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EU Minister: Google Street View Controversy Shows Need For Uniform Privacy Standards In Europe
Will 2011 be the “year of privacy”? There are many reasons to think so.
In the US, the Obama administration is planning to establish a committee or “czar” to oversee potential new internet privacy rules. Republicans and Democrats alike seem to be concerned about online tracking and privacy issues. The question would appear to be not “if” or “whether” but how burdensome and strict new privacy rules will be for publishers and online ad networks.
In Europe privacy has long been treated with greater protection and stiffer rules than in the US. However those rules are inconsistent across countries as the treatment of Google Street View and its private WiFi data controversy has shown.
Bloomberg reports that EU justice commissioner Viviane Reding is emphasizing the need for a uniform set of privacy rules and regulations across Europe. She’s quoted by Bloomberg saying that the country specific responses to the Street View privacy breaches varied considerably. The article also points out that the EU’s executive body, the European Commission, “unveiled plans for stricter and more harmonized data protection rules that would make it easier for people to get personal data corrected, deleted or blocked and may also introduce criminal penalties across the region.”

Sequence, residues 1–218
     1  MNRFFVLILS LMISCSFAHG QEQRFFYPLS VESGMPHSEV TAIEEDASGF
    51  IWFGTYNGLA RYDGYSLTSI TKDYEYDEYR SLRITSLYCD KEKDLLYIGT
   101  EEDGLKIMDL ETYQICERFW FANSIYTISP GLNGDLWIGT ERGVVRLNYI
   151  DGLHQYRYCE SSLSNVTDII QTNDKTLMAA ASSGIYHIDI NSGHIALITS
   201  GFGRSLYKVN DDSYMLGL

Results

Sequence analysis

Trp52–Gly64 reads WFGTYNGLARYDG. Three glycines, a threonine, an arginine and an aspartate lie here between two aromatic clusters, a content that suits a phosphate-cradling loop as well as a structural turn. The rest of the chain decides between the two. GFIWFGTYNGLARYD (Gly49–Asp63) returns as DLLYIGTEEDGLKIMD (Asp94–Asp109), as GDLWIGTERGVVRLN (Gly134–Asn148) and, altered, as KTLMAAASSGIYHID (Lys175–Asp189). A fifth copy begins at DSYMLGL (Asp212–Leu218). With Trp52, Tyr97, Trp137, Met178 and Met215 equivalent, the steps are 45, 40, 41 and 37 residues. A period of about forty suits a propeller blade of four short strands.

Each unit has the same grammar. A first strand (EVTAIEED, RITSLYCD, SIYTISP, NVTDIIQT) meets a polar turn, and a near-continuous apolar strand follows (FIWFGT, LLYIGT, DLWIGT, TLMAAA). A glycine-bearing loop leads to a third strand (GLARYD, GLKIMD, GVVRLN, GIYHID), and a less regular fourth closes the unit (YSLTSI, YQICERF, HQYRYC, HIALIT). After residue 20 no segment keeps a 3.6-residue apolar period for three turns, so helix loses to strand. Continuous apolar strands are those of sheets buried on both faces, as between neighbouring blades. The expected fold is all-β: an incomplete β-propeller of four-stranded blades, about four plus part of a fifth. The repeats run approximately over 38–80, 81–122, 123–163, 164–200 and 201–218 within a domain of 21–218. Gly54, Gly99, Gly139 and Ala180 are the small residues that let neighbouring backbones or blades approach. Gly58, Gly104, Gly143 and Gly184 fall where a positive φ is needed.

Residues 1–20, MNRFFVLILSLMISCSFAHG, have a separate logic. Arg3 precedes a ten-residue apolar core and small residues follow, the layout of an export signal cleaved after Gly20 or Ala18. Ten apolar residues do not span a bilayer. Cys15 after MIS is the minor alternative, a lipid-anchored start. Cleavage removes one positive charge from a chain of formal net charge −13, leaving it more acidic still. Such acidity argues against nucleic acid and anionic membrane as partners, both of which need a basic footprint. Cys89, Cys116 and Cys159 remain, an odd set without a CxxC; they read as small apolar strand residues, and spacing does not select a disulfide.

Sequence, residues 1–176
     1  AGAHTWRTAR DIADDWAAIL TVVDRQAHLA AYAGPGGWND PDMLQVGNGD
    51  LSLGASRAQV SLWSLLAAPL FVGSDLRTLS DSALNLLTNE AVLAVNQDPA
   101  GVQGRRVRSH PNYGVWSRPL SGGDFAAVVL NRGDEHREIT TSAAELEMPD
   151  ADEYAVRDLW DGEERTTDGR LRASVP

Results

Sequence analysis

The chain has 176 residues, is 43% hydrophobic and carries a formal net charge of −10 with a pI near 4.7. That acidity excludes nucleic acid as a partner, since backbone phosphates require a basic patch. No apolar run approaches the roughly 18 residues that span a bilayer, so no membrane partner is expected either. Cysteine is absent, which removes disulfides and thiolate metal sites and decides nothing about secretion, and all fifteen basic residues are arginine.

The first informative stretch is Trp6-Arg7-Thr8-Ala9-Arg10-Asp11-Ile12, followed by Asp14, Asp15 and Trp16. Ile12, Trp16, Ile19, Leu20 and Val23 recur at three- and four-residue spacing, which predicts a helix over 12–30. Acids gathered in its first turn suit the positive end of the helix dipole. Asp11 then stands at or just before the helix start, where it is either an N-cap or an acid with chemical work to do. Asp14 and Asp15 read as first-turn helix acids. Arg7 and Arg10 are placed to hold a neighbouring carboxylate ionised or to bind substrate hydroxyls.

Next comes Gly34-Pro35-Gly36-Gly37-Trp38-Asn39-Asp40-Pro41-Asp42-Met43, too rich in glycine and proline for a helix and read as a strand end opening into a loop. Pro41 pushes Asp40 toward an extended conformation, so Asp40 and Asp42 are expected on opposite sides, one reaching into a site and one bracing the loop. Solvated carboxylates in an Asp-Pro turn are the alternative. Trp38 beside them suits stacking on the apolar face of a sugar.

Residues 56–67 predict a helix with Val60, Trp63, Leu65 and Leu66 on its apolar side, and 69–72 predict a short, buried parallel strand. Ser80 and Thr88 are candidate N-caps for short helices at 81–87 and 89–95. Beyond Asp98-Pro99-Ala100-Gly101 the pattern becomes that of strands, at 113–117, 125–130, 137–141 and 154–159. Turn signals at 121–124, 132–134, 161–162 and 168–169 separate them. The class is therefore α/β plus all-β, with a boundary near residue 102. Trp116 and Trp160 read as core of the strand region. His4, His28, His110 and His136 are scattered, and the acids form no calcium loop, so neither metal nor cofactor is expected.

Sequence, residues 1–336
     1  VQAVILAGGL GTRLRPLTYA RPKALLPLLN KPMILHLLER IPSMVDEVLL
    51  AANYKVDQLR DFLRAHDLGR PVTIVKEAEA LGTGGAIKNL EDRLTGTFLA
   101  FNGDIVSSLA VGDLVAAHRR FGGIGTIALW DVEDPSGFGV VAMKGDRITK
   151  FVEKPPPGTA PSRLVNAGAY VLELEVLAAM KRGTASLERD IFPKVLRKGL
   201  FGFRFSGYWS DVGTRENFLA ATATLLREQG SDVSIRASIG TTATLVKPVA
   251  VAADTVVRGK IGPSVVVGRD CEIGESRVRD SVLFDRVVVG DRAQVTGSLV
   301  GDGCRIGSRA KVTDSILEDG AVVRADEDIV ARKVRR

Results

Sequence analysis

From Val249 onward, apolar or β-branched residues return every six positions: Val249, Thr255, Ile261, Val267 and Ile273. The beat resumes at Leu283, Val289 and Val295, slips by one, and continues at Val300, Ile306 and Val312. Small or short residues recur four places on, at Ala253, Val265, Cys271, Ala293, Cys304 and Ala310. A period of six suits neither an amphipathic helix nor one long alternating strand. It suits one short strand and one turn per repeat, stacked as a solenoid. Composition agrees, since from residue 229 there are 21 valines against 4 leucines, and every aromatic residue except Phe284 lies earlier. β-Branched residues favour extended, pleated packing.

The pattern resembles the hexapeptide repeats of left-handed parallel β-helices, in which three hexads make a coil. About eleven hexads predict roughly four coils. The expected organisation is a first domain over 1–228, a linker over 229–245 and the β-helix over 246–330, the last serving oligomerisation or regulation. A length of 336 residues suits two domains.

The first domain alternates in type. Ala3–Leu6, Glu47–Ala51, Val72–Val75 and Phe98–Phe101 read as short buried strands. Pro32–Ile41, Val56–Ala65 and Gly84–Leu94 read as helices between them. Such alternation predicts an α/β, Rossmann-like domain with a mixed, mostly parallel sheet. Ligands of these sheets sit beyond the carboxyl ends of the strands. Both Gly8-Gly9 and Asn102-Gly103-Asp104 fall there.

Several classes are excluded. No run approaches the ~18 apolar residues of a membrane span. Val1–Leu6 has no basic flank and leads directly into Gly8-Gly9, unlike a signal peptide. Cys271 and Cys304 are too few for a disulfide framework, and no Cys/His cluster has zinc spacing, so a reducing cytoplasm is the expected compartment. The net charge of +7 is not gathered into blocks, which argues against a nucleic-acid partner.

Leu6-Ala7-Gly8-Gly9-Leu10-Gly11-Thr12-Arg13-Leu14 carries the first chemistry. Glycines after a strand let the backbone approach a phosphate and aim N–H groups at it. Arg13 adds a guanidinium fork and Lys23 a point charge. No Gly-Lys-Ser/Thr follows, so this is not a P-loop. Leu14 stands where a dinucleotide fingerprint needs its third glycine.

Uniform regulations will create more certainty and clarity for companies operating within Europe. However stricter rules will likely be unwelcome by companies such as Google, which has repeatedly tangled with the EC over its data retention policies.
The EC yesterday announced a formal anti-trust investigation against Google. Privacy is not a part of that investigation; however Europe could use the threat of fines or other penalties to try and gain privacy related concessions from Google as part of a settlement of the anti-trust action.